- Obtaining an Order for Support
- Setting a Hearing - Filing a Request for Order
- 7 Step Child Support Roadmap
- Serving the Department of Child Support Services
- Responding to a Request for Order
- Enforcement of Child Support Orders
- Determining Your Child Support Arrears
- Reinstating your Driver License
- Frequently Asked Questions
Obtaining an Order for Support
To obtain an order for child support, you need to have an active case with the court. If there is no existing case, you need to file one of the following:
- If you are married to the other parent, you may file a petition for divorce, legal separation or nullity.
- If you are not married to the other parent, you may file a petition to establish parental relationship. A parentage action can be filed by either the mother or father. If you file a parentage action yourself, you can request orders for custody and visitation as well as child support.
- A Petition for Custody and Support of Minor Children (this petition will not terminate your marriage or establish a parental relationship) is also an option where parentage has already been established.
You have several alternatives available to assist you in obtaining a support order:
- You can contact an attorney for legal advice or to represent you by looking in the telephone book or by calling the Lawyer Referral and Information Service - external link at 916-564-6707.
- You may contact the Department of Child Support Services (DCSS). - external link DCSS can help you with child support only and not with any other family law issues such as child custody, property division, or a divorce. DCSS is located at 3701 Power Inn Road. You may contact DCSS in person or by telephone at 866-901-3212.
- You may represent yourself. If you decide to represent yourself, it may be helpful to visit the Self-Help Center located in Room 113 of the William R. Ridgeway Family Relations Courthouse. The Self-Help Center is available to provide information regarding court procedures and instructions on completing, filing and serving the necessary documents. The Self-Help Center offers an Income and Expense Declaration Workshop.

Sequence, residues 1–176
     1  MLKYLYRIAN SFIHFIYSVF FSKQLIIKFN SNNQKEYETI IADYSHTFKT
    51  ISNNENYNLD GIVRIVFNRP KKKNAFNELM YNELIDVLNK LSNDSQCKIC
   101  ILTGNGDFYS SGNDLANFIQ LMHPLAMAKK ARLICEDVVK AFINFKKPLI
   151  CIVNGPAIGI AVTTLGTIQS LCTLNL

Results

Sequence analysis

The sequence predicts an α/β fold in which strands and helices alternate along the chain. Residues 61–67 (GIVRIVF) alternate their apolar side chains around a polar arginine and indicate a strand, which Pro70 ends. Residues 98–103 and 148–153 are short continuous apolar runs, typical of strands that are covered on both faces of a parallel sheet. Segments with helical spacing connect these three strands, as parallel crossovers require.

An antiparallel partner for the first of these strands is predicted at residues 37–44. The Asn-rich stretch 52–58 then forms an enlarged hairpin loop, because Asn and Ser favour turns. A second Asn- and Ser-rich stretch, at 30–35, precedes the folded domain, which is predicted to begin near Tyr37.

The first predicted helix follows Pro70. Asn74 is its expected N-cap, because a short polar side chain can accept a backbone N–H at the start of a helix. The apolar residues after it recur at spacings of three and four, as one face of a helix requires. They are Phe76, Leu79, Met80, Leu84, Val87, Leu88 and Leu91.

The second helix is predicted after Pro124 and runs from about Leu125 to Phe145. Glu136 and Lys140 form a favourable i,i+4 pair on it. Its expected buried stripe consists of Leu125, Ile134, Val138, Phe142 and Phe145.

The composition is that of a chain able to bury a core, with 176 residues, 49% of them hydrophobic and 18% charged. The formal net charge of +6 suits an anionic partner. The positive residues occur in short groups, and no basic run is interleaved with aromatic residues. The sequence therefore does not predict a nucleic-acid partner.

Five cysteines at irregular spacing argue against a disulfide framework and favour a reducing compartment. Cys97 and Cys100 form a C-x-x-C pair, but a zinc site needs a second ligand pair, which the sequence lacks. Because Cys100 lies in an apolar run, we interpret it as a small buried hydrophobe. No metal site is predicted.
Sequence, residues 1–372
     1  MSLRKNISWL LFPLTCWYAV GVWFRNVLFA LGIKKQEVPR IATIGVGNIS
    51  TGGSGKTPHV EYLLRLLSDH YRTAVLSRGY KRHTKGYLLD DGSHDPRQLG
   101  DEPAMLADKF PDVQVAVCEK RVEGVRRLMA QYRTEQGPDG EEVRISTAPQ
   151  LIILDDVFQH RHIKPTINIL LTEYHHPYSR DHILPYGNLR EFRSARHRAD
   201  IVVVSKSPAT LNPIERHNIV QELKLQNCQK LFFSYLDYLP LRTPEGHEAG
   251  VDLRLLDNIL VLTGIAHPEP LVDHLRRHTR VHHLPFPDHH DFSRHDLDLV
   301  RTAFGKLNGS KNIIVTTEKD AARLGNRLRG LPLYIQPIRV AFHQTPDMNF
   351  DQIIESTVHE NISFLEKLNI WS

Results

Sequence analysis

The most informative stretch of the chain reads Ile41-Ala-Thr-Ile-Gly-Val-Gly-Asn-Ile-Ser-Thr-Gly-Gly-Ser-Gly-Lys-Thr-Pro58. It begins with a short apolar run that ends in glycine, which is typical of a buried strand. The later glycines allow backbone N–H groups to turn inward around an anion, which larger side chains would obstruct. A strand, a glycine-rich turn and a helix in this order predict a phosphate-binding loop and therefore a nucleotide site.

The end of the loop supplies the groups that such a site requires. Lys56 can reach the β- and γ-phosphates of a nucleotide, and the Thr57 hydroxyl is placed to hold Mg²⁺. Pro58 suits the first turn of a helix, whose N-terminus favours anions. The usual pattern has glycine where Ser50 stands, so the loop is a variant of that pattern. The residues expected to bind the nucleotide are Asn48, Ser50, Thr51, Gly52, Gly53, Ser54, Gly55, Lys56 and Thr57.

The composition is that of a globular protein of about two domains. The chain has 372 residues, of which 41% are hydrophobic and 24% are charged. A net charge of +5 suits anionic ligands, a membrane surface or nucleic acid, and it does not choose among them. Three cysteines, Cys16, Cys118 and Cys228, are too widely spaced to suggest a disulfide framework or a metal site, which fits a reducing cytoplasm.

Determining the Amount of Child Support
If you want to know the amount of child support that would be payable under the California State Child Support Guideline, you may contact an attorney or go to the California Department of Child Support Services - external link.
Health and Daycare Costs
When you apply for child support, you may also request the other parent share in the health care insurance and unreimbursed or uncovered health care costs for your child or children. You may also request that child care costs be shared or paid by the other parent.
Setting a Hearing - Filing a Request for Order
You can file a Request for Order to:
- Ask for child support order(s) when filing a petition to establish a parental relationship, or for divorce, legal separation or nullity or after a case has been opened.
- Ask for modification of an existing order for support.
- Ask to stop a child support order after the child has emancipated.
These forms are used to request a hearing regarding child support:
If you have been ordered to file a new Income and Expense Declaration, use this packet:
You may also use this program to complete and print your court forms for filing: Guide and File - external link
Serving the Department of Child Support Services
If the Department of Child Support Services (DCSS) is a party on your case, a copy will be collected by the Court and served on the DCSS. Provide an extra set of copies of your documents to the clerk for this purpose.
Enforcement of Child Support Orders
If the other parent fails to pay court-ordered child support, you have several options available. First, you must decide if you want to proceed on your own, hire an attorney, or engage the services of the Department of Child Support Services (DCSS) - external link. DCSS is available to assist both self-represented and represented parties.